Communism Out, Diversity In

Rothschild, Joseph, and Nancy Wingfield, Return to Diversity: A Political History of East Central Europe Since World War II, 3rd edition, Oxford: Oxford University Press, 2000.

Joseph Rothschild’s Return to Diversity, initially published just before the fall of Communism in East Central Europe, while eerily prophetic and to some to degree unintentionally so, traces the changes in eight countries of this region from post-World War II to 1989 in the first edition. The third edition, with updates provided by Nancy Wingfield, adds a final chapter to address the changes in the 1990s. Rothschild’s Return to Diversity argues that the collective failures of the United States, Great Britain, France, Germany and the Soviet Union to understand the nationalistic forces at work, as well as the failure of Titoism Communism and the Soviet Union’s failure to create a monolithic Communist bloc in the eight countries considered by Rothschild, are primary reasons that East Central European countries have retained their national histories and have reestablished the political diversity present before World War II.

Rothschild creates the setting by briefly summarizing the interwar developments which led to the emergence of the corridor of countries precariously situated between the Great Powers of Germany and the Soviet Union. Based upon this setting, Rothschild suggests that the failure of nerves on the Allies’ part meant abandoning the wedge of countries, leaving most of the region at the mercy of Germany. However, Germany’s inability to grasp the value of national sovereignty pushed some, if not many of the East Central European countries into the hands of Communism. Ironically, Stalin and the Soviet monolithic model of relegating the countries to satellite, colonial-like status, repeated the same mistake that Germany committed, ultimately leading to the fall of the Berlin Wall, break up of the Soviet Union, thus bringing about the return to diversity that gives Rothschild’s analysis a prescient quality, albeit somewhat inadvertent with respect to the breakup of the Soviet Union.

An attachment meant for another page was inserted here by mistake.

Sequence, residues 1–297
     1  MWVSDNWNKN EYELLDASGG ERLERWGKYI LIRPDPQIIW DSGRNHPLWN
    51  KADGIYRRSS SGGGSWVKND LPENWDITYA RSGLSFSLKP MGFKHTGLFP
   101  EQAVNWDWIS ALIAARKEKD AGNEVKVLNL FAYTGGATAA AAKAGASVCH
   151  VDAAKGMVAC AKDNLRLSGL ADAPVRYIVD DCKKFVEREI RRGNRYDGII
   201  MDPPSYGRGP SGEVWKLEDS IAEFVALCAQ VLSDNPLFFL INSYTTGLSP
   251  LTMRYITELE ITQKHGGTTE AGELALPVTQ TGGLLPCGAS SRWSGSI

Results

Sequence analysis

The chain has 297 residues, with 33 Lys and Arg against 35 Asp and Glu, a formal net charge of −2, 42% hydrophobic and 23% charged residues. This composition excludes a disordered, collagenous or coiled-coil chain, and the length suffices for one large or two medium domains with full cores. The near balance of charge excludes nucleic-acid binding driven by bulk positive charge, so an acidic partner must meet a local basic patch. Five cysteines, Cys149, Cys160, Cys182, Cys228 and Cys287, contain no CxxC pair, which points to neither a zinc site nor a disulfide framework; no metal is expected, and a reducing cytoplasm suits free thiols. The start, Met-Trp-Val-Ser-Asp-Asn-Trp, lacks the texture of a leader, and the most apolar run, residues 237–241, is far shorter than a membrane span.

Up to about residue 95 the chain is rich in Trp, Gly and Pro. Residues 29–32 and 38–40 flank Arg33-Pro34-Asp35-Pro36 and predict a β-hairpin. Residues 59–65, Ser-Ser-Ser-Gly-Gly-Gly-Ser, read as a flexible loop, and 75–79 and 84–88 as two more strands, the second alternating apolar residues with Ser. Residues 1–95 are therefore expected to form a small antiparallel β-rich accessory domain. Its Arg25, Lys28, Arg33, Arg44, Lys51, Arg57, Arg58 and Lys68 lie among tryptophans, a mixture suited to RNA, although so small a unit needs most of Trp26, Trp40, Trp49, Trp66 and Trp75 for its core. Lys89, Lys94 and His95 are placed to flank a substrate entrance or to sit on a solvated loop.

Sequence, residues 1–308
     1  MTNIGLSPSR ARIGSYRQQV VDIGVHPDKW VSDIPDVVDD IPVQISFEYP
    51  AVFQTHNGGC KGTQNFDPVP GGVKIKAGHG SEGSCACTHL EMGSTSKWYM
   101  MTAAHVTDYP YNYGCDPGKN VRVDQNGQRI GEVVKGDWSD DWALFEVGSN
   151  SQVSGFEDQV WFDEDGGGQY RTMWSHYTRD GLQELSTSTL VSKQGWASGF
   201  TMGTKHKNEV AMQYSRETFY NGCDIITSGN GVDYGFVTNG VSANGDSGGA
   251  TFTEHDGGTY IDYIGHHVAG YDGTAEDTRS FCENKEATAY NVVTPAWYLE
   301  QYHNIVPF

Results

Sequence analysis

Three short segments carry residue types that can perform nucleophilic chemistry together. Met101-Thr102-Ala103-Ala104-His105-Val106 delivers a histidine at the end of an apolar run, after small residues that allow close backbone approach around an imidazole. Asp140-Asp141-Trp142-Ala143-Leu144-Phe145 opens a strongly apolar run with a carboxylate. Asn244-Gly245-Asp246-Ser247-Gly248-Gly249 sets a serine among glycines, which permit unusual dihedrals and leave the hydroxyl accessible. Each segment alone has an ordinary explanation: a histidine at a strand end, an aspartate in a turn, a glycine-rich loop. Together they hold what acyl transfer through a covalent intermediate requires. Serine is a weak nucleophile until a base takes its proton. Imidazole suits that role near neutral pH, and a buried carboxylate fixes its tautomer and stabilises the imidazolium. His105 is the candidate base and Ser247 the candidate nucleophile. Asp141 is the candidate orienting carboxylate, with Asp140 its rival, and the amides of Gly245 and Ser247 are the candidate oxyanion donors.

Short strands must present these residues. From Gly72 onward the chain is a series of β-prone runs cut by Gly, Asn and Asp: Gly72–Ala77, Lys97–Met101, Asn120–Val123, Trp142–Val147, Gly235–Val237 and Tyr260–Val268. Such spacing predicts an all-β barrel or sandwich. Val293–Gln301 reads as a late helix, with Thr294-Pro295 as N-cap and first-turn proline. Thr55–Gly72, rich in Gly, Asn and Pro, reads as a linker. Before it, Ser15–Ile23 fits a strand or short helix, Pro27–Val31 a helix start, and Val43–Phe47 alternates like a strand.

Rothschild’s synthetic approach is interesting and effective. By combining chronological analysis of the developments in eastern and central Europe post World War II with a separate discussion of each country under consideration, his monograph reads like a family story of the evolution of the East Central European countries, allowing the reader to track to changes of each country considered from post-WWII to the 1990s.

Return to Diversity raises many questions, possibly more than were answered, such as why was Communism able to attain and retain a foothold for over five decades if the ideology was forced upon the population, at times through ruthless means? What do the events discussed and Rothschild’s analysis say about self-determination versus communism? Was communism an opportune ideology of the early to mid-nineteenth century that has run its course in European politics or will there be a return to Communism?

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